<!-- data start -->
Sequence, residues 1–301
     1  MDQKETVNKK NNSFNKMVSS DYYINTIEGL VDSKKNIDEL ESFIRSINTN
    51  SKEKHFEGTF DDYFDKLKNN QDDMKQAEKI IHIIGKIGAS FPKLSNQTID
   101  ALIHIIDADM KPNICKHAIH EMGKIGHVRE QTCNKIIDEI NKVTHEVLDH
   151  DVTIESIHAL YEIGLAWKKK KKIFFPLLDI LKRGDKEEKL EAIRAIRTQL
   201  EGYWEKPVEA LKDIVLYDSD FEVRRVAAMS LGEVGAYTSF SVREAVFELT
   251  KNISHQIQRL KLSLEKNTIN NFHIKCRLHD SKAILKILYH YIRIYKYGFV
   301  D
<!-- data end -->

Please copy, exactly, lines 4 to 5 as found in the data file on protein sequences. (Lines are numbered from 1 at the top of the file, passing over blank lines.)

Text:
   101  ALIHIIDADM KPNICKHAIH EMGKIGHVRE QTCNKIIDEI NKVTHEVLDH
   151  DVTIESIHAL YEIGLAWKKK KKIFFPLLDI LKRGDKEEKL EAIRAIRTQL